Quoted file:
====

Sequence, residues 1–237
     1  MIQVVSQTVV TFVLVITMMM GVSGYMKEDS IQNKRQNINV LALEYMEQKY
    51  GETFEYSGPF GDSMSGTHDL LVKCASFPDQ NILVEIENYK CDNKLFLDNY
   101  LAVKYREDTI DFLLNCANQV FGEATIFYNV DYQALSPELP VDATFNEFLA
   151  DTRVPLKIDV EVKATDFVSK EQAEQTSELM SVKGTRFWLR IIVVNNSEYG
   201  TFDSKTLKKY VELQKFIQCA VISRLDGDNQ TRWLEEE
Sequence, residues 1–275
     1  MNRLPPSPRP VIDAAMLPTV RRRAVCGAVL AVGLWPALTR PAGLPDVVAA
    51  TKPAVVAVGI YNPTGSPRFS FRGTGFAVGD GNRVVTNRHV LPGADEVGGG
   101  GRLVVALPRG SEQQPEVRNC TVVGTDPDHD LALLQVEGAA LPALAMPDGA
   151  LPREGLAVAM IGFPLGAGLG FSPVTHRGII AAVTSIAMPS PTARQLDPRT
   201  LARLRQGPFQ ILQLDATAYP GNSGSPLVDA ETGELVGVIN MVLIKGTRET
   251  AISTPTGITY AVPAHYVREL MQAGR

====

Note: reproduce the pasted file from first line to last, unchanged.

Sequence, residues 1–237
     1  MIQVVSQTVV TFVLVITMMM GVSGYMKEDS IQNKRQNINV LALEYMEQKY
    51  GETFEYSGPF GDSMSGTHDL LVKCASFPDQ NILVEIENYK CDNKLFLDNY
   101  LAVKYREDTI DFLLNCANQV FGEATIFYNV DYQALSPELP VDATFNEFLA
   151  DTRVPLKIDV EVKATDFVSK EQAEQTSELM SVKGTRFWLR IIVVNNSEYG
   201  TFDSKTLKKY VELQKFIQCA VISRLDGDNQ TRWLEEE
Sequence, residues 1–275
     1  MNRLPPSPRP VIDAAMLPTV RRRAVCGAVL AVGLWPALTR PAGLPDVVAA
    51  TKPAVVAVGI YNPTGSPRFS FRGTGFAVGD GNRVVTNRHV LPGADEVGGG
   101  GRLVVALPRG SEQQPEVRNC TVVGTDPDHD LALLQVEGAA LPALAMPDGA
   151  LPREGLAVAM IGFPLGAGLG FSPVTHRGII AAVTSIAMPS PTARQLDPRT
   201  LARLRQGPFQ ILQLDATAYP GNSGSPLVDA ETGELVGVIN MVLIKGTRET
   251  AISTPTGITY AVPAHYVREL MQAGR